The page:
The head of Canada’s electronic eavesdropping agency, which is alleged to have spied on Brazil, says all foreign-intelligence gathering activities carried out by Communications Security Establishment Canada are conducted within the law laid down by this country’s Parliament.
CSEC chief John Forster was speaking for the first time since a Brazilian TV station alleged that the agency carried out economic espionage against Brazil’s government.
This is based on leaked documents first obtained by former U.S. National Security Agency contractor and whistleblower Edward Snowden.
“Our first mandate, our foreign signals intelligence role, is certainly being talked about – a lot – in the media right now,” Mr. Forster told a conference on technology and government in Ottawa Wednesday.
“Because of the classified nature of our work, I am sure you can appreciate that I can’t say much. [But] everything that CSE does in terms of foreign intelligence follows Canadian law,” he said.
On Oct. 7, the Brazilian news program Fantastico made public documents from the trove acquired by Mr. Snowden. They included a slide presentation that appears to show CSEC was surveying the telecommunications of the Brazilian Ministry of Mines and Energy – a revelation that has sparked outrage.
Mr. Forster told the audience at the Government Technology Exhibition and Conference that a watchdog reviews all CSEC activity.
“Everything we do, and I mean everything we do, is reviewed by an independent CSE commissioner. He and his office have full access to all records, systems and staff to ensure that we follow all Canadian laws and that we respect Canadians’ privacy.”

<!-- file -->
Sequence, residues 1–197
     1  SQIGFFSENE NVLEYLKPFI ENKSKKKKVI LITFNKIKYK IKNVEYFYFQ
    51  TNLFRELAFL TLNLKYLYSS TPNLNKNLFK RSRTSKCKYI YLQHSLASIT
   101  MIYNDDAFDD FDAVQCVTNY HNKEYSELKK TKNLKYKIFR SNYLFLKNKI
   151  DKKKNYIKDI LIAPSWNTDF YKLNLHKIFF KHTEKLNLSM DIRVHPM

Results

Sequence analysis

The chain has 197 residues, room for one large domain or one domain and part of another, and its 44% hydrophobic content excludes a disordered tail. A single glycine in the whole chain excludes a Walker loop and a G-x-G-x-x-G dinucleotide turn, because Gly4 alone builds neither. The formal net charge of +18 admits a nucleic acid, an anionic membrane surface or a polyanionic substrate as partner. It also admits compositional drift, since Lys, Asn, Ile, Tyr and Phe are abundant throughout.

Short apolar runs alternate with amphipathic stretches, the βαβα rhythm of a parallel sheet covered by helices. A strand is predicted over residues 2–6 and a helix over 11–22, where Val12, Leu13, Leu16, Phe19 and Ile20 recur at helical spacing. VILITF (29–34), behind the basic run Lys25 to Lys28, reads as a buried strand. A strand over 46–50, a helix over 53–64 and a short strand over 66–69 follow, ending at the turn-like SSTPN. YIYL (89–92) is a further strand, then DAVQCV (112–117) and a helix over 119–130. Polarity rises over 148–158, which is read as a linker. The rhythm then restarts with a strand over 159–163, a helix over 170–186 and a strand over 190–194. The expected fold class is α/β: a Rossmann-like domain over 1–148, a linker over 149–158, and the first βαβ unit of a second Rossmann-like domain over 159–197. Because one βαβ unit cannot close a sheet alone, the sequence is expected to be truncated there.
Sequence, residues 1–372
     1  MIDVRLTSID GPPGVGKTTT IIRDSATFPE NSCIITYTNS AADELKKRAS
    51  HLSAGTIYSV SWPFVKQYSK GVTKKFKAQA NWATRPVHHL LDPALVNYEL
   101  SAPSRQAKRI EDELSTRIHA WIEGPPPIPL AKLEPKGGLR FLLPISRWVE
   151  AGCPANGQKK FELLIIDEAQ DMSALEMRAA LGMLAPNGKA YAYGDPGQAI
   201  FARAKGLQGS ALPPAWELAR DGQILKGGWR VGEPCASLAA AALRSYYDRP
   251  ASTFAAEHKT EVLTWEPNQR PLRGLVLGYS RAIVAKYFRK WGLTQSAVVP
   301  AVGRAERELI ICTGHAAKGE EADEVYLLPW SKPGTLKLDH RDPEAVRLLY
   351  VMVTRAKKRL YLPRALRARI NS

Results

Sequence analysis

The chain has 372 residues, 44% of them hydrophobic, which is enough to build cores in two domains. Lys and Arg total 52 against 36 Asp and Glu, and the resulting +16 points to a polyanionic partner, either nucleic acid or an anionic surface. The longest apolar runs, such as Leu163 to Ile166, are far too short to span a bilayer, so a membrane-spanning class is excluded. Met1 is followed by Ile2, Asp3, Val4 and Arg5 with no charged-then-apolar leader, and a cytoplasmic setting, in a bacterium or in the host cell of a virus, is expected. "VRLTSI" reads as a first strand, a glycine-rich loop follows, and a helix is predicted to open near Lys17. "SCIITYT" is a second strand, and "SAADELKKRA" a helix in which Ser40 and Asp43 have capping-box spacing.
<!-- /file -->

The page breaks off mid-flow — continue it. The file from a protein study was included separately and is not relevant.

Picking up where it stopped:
The CSEC chief, as the Harper government has in recent days, took pains to assure the crowd that no Canadians were targeted. He did not address the question of why the Canadian government is spying on a Western ally.
“I can tell you that we do not target Canadians at home or abroad in our foreign intelligence activities, nor do we target anyone in Canada. In fact, it’s prohibited by law. Protecting the privacy of Canadians is our most important principle.”
Coincidentally, Mr. Forster devoted part of his speech to the risks that foreign powers may be spying on Canada.
“More than 100 countries possess the human technology and financial resources to conduct cyber-operations on a persistent basis to collect intelligence, disrupt or in some cases damage IT infrastructure,” he told the audience.
Separately, records show that CSEC, the Canadian Security Intelligence Service and the Royal Canadian Mounted Police participate in classified briefings for this country’s energy companies. The twice-annual meetings are not secret; the Department of Natural Resources issues public reports that make reference to the briefings.
The meetings appear to be more about defence than offence. There’s no evidence that CSEC or CSIS are passing on intelligence gleaned by economic espionage.
Jean Paul Duval, a spokesman for the Department of Public Safety, said it’s standard practice for security agencies to discuss how to better protect sensitive infrastructure from threats, adding that these meetings became commonplace following the 2001 terrorist attacks in the United States.
A copy of the latest meeting agenda, from May 23, 2013, provided by the Department of Natural Resources, shows presentations by CSIS on “cyber security threats,” one by the RCMP called “Inside Threat at the Royal Canadian Navy” and a case study of the theft of copper from businesses that deal with metals. The meeting took place at the CSIS offices in Ottawa’s east end. A copy of a 2007 agenda shows that a senior military officer and a Mountie briefed businesses on criminal activities and security in Canada’s North.
A CSEC spokesman said the agency will “occasionally attend to share relevant information with security cleared representatives regarding cyber security threats pertaining to the protection of Canada’s energy infrastructure and sector.”